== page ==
Another thing I know about Bill, is that at a very young age he joined the British Navy. How did that happen? ‘Well’, Bill chuckles, ‘I went to boarding school when I was eleven…but I hated school, I really did. I always objected, and I still do, to being taught subjects I’m not interested in. I don’t know what good that does anybody. I objected strongly to mathematics, I was never interested in what four and four made…I liked history, and I liked Irish, and I liked English and I liked writing, and that was it.’
Thus, two months before he was due to take his Primary Cert., Bill Long ran away from boarding school. ‘And I made my way to Cork, and got a boat from Cork to Portsmouth, and joined the Royal Navy. I was only twelve and a half at that time. You had to be sixteen to join the Navy, but…nobody bothered really about your age if you looked halfway towards sixteen…’ Bill stayed in the Navy until he actually was sixteen, and ‘I had a wonderful time. I went up and down all the coasts of Europe. We spent most of our time off the Spanish, Italian and French coasts, clearing mines out of the water, mines that had been left floating after Dunkirk, and after the [Nazi] occupation.’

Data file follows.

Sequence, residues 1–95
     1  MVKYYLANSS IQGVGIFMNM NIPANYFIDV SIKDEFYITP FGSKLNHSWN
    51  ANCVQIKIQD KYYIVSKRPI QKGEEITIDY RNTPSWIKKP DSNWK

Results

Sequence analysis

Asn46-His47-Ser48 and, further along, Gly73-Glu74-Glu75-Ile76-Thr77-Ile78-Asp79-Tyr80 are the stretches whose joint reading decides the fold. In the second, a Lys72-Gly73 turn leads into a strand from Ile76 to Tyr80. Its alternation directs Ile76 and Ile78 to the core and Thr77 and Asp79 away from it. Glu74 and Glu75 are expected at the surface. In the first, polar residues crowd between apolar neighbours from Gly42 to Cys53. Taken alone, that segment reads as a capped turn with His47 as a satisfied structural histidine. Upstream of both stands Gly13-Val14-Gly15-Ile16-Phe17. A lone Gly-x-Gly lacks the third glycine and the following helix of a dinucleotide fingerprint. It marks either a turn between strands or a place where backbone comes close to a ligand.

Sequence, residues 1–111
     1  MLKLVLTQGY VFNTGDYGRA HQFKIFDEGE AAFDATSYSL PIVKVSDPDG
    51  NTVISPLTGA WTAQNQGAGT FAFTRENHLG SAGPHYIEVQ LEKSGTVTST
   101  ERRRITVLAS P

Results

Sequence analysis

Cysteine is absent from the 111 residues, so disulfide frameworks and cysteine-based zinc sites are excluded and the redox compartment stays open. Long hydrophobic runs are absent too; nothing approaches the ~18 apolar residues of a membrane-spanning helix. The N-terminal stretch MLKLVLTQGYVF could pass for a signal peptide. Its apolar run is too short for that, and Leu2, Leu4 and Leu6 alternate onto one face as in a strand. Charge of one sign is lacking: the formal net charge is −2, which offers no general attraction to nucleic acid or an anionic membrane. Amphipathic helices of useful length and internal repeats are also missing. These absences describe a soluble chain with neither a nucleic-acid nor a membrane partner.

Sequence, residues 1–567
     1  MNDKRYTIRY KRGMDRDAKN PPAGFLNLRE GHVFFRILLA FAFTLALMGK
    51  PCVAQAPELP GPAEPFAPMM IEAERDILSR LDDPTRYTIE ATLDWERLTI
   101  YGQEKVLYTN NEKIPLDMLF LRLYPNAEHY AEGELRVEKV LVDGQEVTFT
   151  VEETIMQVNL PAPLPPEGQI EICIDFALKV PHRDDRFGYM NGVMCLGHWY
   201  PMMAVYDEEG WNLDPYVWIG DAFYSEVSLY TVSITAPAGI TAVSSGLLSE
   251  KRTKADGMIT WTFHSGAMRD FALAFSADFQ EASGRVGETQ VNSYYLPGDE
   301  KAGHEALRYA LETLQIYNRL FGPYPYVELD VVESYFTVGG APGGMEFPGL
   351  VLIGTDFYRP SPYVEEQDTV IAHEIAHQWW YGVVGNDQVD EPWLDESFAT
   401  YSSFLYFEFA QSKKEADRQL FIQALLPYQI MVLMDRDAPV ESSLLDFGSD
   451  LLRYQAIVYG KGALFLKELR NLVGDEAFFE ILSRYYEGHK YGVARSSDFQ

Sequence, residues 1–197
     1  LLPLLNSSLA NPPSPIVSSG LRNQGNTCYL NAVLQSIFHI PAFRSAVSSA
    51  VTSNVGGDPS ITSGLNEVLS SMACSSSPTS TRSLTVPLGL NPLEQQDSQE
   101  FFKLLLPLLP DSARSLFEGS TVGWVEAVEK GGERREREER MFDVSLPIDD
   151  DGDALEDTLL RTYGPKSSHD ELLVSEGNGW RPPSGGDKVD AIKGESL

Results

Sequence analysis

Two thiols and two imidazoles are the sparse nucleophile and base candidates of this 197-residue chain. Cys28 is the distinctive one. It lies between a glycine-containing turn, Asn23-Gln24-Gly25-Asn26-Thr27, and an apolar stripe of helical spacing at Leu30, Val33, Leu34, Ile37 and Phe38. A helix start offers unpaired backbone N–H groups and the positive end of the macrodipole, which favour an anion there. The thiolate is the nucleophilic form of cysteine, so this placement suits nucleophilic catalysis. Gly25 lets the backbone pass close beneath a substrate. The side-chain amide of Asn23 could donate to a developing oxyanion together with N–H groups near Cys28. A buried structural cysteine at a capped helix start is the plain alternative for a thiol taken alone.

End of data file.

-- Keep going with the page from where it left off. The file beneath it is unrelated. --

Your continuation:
During those years he began to write a lot: ‘I sold a series of articles I wrote on board ship…to the only paper I knew, really, which was the Cork Examiner. They paid me for them, a lot more than I thought I’d ever get in those days – twenty pounds!’
Bill explains how this led on to an early career: ‘When I got those published, the Examiner sent me a cheque and a letter saying that, if I wanted a career in journalism, I could contact them when I got out of the Navy. When I came out of the Navy…There wasn’t any such thing as telephones in the country at that time, so I wrote them a letter…And I went to work for them as…you weren’t a ‘trainee journalist’ in those days, you were a ‘cub reporter’. I love that term, ‘cub’…
‘So, I worked in the Examiner for three years, and then they bought a newspaper in Waterford, and, because I was from Waterford, they transferred me back there to work on that, and I did that for another couple of years. And then…I got a job with the Irish Press. I went up to Dublin and got married at the same time, when I was about twenty-one.
‘And then in rapid succession, I changed every two years from the Press to the Times to the Independent, then went back to the Press again, went back to the Times again, and then I went to work in RTE, as a broadcaster.’